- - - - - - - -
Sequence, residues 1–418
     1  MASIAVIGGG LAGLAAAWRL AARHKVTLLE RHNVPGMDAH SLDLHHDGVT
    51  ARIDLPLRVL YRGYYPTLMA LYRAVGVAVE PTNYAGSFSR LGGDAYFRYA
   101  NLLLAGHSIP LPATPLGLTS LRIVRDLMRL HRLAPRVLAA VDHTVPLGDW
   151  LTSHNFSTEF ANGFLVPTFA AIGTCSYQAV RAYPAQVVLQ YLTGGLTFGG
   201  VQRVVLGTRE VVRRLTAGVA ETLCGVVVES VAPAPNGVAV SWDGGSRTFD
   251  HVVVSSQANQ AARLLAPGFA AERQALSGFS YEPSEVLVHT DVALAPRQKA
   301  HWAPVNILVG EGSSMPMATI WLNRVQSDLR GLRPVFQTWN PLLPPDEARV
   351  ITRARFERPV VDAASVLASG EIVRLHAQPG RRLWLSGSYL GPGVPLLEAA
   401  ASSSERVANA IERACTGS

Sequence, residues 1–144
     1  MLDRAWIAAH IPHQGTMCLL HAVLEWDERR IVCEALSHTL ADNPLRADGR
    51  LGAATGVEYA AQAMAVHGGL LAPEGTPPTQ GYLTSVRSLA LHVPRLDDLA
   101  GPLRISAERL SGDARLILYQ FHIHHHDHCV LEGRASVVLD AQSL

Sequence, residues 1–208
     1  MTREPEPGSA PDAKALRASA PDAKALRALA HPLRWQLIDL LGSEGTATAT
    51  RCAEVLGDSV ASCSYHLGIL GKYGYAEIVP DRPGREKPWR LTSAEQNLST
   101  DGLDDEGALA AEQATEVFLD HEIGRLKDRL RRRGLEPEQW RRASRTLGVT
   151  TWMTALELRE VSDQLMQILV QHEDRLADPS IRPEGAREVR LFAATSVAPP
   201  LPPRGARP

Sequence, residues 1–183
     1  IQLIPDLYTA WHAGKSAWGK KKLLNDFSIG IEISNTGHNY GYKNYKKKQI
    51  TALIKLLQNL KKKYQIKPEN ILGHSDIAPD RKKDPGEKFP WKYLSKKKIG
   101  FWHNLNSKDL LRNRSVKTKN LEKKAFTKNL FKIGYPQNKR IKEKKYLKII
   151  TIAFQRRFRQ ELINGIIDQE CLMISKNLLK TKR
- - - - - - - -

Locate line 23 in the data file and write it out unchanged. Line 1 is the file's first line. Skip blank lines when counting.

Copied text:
    51  TALIKLLQNL KKKYQIKPEN ILGHSDIAPD RKKDPGEKFP WKYLSKKKIG